“We note that none of the emails we reviewed had classification or dissemination markings but some included IC-derived classified information and should have been handled as classified, appropriately marked and transmitted via a secure server,” Mr. McCullough wrote the four lawmakers.

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The U.S. official said the intelligence community has been informed that secret information had been contained in some of Mrs. Clinton’s private emails that originated from the FBI, the DNI and the CIA as well as a spy satellite agency. It is believed the 30,000 emails remain on a thumb drive in the possession of Mrs. Clinton’s private attorney, David Kendall.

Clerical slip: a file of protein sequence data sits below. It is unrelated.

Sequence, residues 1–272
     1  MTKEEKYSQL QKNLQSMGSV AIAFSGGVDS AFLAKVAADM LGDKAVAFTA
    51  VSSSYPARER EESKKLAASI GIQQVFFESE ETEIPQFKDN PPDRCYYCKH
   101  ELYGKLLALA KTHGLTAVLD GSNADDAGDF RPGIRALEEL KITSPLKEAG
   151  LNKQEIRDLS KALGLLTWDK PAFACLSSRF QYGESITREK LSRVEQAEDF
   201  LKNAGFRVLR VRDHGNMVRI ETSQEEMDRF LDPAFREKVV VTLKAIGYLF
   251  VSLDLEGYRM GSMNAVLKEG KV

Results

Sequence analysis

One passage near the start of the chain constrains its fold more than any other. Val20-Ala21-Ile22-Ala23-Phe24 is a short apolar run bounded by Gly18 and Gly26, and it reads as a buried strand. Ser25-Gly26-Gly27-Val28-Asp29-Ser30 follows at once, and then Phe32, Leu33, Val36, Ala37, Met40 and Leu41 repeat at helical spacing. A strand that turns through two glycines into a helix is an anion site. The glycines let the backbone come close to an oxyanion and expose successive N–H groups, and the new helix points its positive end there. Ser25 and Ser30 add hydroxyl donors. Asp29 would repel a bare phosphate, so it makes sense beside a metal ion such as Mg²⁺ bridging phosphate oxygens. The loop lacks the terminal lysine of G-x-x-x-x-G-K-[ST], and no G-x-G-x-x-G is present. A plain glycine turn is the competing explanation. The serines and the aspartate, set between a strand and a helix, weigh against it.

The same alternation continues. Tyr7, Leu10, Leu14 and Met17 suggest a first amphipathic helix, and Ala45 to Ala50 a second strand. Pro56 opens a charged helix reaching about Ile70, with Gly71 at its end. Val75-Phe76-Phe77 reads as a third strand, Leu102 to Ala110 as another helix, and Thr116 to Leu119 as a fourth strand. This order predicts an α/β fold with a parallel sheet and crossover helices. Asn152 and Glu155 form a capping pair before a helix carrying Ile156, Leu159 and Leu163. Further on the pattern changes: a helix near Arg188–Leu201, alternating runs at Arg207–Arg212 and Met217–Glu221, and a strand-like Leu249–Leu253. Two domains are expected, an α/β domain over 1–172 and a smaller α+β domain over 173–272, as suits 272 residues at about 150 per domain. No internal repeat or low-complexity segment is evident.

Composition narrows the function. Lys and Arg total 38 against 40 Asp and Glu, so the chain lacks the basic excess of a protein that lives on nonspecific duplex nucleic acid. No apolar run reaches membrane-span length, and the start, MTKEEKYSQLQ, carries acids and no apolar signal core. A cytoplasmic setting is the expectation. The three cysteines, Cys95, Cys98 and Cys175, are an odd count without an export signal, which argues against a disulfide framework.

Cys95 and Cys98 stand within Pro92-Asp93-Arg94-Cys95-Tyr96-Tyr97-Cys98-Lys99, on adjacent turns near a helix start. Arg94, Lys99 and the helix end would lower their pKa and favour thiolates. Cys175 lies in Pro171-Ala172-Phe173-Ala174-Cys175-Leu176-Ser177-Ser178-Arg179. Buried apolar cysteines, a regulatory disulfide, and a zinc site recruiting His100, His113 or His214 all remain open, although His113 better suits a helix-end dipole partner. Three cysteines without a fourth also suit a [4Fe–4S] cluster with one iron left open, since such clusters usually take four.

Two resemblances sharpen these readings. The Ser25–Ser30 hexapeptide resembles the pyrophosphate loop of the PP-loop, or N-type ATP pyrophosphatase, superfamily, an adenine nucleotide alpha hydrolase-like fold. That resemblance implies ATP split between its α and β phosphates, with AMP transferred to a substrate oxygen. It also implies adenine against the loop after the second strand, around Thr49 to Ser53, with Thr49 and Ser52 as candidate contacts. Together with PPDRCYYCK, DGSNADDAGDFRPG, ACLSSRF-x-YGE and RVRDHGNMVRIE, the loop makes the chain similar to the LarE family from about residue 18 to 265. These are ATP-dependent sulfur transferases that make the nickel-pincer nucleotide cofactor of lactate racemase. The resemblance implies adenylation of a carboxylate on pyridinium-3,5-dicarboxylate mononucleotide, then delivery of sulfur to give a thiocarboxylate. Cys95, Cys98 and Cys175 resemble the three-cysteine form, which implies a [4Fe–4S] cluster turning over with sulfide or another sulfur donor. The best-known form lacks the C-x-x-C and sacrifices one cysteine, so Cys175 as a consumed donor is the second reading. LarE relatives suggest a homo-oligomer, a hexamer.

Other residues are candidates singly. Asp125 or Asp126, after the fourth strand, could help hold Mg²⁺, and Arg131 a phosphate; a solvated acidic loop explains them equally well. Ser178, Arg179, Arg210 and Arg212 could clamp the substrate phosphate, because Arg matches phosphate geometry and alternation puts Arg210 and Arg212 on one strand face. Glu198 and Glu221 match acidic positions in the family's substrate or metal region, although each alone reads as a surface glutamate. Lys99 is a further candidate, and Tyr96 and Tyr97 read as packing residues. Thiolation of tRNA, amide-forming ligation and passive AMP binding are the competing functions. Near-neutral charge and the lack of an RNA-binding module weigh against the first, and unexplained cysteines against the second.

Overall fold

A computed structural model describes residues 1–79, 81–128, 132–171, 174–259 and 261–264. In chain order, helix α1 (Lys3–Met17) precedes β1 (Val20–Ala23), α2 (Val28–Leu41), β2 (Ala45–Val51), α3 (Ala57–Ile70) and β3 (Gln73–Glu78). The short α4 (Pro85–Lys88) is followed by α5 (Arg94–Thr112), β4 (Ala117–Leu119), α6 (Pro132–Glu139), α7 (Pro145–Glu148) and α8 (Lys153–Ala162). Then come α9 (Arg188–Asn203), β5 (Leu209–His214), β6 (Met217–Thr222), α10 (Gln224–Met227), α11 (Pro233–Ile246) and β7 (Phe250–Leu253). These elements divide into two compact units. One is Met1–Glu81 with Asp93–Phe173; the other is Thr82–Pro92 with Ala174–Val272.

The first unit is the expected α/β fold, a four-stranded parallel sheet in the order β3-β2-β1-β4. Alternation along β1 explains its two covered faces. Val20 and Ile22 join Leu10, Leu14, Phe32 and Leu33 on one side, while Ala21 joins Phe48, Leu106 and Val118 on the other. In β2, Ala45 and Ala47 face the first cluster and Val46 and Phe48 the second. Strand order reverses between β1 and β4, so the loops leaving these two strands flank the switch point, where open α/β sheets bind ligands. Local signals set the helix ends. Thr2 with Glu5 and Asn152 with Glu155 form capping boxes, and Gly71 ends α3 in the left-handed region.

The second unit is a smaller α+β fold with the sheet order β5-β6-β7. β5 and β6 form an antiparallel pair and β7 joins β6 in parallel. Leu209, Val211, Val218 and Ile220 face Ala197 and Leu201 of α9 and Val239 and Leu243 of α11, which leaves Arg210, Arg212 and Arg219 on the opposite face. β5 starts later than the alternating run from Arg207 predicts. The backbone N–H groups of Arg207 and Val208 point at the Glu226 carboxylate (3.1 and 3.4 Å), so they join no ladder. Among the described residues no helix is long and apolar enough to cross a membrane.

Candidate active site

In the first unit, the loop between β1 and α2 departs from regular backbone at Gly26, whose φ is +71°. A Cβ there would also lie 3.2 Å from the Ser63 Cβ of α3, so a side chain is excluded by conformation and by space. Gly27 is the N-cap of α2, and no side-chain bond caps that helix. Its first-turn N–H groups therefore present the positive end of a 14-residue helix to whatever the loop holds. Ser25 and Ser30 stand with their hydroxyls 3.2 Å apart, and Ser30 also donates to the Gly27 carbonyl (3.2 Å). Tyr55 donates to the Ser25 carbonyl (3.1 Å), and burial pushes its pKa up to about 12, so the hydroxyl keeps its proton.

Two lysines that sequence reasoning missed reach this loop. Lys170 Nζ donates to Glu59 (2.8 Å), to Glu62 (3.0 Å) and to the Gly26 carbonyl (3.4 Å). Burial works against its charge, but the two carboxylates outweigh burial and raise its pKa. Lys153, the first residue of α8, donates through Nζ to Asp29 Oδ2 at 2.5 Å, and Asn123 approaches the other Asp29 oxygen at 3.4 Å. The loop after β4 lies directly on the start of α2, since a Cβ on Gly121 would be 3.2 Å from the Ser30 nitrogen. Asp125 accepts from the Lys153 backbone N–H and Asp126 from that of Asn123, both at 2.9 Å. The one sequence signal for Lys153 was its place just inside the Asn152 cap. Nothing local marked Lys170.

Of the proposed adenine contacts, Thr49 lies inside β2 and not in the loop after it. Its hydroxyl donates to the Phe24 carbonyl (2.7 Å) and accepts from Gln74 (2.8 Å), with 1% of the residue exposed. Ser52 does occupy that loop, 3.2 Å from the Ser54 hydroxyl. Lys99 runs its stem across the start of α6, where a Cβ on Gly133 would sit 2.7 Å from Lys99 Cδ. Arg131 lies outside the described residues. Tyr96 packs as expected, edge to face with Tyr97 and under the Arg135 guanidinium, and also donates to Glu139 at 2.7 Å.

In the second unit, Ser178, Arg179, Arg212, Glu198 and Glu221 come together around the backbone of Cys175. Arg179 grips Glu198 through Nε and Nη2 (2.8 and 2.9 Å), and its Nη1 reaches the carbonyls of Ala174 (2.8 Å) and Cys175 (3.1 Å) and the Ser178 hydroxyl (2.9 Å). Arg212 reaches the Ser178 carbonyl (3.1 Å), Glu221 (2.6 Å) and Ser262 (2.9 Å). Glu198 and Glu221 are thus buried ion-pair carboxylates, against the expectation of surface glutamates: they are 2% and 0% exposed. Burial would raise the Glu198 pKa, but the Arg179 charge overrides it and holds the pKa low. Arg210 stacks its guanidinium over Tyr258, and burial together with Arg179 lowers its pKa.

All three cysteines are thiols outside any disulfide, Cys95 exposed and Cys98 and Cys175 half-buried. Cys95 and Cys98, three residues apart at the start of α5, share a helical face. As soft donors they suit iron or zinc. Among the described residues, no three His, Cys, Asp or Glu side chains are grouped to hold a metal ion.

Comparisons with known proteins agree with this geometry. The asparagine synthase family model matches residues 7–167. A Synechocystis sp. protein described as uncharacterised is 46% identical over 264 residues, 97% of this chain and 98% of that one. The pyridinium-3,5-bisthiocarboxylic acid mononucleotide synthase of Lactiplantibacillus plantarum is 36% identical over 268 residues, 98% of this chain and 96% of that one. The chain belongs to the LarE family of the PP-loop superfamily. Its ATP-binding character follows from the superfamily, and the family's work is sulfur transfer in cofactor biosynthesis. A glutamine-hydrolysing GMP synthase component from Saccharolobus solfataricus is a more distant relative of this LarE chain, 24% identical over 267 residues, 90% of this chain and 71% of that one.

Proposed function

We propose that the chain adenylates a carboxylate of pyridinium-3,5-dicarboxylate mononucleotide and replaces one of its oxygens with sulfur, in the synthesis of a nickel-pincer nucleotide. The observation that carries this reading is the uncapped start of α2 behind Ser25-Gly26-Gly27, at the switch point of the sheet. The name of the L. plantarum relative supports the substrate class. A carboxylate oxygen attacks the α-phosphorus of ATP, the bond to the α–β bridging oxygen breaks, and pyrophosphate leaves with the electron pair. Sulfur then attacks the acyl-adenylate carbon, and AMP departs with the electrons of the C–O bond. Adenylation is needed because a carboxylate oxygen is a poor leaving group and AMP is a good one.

The official said the intelligence community’s first response was to take steps to secure the handling of remaining 30,000 emails and make sure they were handled on top-secret servers to avoid any further breaches, and then to assess any damage to national security from the insecure handling and release of information already in some of the publicly disseminated emails.

“Containment first, then a damage assessment is how this must be handled,” the official said.

The official said the intelligence community was already concerned, for instance, that some classified information was inadvertently disclosed by the State Department in recent weeks when one of Mrs. Clinton’s emails about Libya was publicly released.

The inspector general’s notification to Capitol Hill and the Justice Department also opens possible legal exposure for Mrs. Clinton about improper handling of classified materials, something her attorney knows much about.